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Asylum, Withholding of Removal, and CAT: which is the best?

Asylum, Withholding of Removal, and CAT: which is the best?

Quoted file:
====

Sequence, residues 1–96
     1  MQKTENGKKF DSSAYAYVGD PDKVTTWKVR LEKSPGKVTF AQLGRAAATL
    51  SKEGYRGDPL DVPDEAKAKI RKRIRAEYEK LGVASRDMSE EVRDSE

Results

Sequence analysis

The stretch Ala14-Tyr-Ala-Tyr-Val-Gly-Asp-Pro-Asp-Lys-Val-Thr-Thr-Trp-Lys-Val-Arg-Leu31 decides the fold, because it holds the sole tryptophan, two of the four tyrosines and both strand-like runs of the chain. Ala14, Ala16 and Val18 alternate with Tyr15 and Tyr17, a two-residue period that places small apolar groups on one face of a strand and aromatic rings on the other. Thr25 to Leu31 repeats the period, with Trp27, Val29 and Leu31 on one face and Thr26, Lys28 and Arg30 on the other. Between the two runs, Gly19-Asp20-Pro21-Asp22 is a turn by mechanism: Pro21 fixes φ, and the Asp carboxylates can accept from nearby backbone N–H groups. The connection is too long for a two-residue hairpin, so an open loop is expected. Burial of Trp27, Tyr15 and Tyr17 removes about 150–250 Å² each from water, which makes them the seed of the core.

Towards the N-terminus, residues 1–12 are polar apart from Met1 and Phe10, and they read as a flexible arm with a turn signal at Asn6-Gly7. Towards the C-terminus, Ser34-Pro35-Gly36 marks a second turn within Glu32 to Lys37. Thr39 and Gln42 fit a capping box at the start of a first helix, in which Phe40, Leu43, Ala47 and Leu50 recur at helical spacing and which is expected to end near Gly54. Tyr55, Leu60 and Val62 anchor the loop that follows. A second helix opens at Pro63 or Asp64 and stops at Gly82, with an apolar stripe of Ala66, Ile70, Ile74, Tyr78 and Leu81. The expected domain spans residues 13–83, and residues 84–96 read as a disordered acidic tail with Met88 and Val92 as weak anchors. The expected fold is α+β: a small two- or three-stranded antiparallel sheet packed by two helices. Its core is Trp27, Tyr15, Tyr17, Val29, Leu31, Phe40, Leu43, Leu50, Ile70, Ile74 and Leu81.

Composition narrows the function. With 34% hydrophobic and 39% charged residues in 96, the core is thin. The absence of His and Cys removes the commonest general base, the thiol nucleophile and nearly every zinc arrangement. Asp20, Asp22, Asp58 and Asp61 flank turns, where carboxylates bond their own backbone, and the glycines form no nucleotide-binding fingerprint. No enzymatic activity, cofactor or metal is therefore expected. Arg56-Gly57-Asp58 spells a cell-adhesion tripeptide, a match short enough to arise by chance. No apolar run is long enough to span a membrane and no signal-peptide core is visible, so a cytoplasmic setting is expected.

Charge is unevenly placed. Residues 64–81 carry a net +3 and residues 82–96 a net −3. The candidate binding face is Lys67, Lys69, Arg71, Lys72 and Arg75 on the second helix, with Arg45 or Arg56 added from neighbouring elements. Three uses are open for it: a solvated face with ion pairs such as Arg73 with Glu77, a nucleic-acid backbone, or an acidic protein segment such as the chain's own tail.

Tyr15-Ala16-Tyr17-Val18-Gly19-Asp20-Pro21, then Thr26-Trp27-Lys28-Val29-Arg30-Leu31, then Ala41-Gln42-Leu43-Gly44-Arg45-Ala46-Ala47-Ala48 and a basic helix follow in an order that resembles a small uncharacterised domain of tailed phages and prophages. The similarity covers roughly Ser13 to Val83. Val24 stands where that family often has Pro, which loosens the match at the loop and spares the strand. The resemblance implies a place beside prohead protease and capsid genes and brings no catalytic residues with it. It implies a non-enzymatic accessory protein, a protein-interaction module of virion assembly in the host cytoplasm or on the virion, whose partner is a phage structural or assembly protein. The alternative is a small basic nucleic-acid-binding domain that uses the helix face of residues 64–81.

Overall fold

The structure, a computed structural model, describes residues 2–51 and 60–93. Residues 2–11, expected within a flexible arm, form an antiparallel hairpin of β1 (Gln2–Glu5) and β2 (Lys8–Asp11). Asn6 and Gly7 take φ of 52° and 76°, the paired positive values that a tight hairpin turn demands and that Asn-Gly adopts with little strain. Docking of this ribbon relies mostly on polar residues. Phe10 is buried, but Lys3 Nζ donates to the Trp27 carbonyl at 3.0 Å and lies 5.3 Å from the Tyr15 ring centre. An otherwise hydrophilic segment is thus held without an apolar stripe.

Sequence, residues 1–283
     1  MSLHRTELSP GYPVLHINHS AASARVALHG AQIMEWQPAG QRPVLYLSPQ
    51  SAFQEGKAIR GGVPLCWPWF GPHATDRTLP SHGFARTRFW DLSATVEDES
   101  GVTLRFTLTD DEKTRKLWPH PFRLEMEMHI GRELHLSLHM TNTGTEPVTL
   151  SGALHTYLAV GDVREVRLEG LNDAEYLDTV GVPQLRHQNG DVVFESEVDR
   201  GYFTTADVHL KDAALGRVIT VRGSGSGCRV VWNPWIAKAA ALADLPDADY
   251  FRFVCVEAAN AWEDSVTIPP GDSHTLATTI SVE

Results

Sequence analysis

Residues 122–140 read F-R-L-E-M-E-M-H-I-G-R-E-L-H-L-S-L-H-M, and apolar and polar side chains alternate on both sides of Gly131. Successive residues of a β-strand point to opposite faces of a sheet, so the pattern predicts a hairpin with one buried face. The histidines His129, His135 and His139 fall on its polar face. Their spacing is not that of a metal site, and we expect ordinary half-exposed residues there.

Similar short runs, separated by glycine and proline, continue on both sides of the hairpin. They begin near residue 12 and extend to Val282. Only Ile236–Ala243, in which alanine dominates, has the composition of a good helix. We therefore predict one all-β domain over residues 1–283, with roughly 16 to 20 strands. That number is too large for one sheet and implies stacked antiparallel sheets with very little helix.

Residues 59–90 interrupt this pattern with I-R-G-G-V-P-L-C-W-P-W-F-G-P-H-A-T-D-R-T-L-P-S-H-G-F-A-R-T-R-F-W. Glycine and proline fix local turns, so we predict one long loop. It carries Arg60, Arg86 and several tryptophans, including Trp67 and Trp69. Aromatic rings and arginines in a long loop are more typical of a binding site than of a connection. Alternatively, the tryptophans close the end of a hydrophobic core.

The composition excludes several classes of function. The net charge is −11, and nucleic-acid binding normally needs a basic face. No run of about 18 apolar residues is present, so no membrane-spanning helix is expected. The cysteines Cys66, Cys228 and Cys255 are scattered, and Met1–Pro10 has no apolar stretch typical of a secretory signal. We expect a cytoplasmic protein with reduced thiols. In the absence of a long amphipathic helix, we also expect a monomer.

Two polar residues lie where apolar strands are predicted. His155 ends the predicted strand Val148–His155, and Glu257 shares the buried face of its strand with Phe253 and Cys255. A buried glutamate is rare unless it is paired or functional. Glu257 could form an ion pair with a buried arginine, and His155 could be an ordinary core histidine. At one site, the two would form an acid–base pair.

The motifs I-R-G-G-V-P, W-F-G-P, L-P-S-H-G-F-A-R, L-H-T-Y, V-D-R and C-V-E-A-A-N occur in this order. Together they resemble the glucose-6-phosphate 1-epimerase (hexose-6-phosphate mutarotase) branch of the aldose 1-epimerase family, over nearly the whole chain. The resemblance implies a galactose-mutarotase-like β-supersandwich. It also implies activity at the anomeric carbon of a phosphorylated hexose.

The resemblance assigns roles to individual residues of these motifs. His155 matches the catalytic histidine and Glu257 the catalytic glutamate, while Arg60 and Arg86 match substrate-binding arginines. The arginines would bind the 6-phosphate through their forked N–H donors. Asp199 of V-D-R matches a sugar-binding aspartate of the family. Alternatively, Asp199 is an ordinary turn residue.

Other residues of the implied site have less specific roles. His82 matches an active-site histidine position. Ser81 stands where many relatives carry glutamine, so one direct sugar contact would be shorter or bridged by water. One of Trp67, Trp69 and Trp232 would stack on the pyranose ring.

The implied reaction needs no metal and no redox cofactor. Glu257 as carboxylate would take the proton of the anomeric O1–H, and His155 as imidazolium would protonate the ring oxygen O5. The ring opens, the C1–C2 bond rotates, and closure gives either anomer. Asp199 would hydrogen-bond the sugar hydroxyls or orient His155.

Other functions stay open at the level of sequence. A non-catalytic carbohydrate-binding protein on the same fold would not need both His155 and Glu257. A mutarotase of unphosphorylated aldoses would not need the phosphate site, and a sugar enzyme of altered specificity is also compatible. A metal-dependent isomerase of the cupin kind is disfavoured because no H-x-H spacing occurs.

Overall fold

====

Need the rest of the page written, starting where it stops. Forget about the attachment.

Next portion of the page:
Many immigrants fear returning to their country of origin for various reasons. We understand that the circumstances differ from one case to the next. So, which form of relief is best for you? Let us take a quick look at the options available. Asylum is the best choice if you feel like you are in danger of persecution in your home country. You must apply within one year of coming into the United States. Ideally, you should apply for asylum immediately, as soon as you enter the U.S. from abroad, stating to the immigration that you are seeking Asylum. To win asylum, you must show that you have a well-founded fear of persecution on account of your race, religion, nationality, political opinion or your membership in a particular social group. If you are approved for Asylum, then you are eligible to become a green card holder and eventually a citizen, allowing you to travel outside of the United States. You can then petition for your family, and you will get work authorization. Withholding of Removal is similar to Asylum. It is often used when the applicant has missed the one year deadline to apply for Asylum. To win withholding, you must show that there is a clear probability that your life or freedom is threatened on account of your race, religion, nationality, political opinion, or your membership in a particular social group. You may be able to qualify for Withholding of Removal, even if you no longer qualify for Asylum. If you are granted Withholding of Removal, then you will be able to stay in the United States, and the government cannot deport you back to your country. If you win, you will be eligible for work authorization. Unfortunately, similar to conditions of the CAT option, you would not be eligible for a green card or U.S. citizenship, and you will never be eligible to petition for your relatives. CAT, or Convention Against Torture relief, is a last ditch effort for those who have triggered bars to asylum. Bars prevent an immigrant from qualifying for asylum in the United States. To win a CAT case, you must show that it is more likely than not that you would be subjected to torture if returned to your country, either by the government or with acquiescence to the government. If you can show this, you will be granted deferred action, and will not be deported from the United States. For more information on different forms of Asylum, please visit our website at To see if you qualify for Asylum, call our office today..

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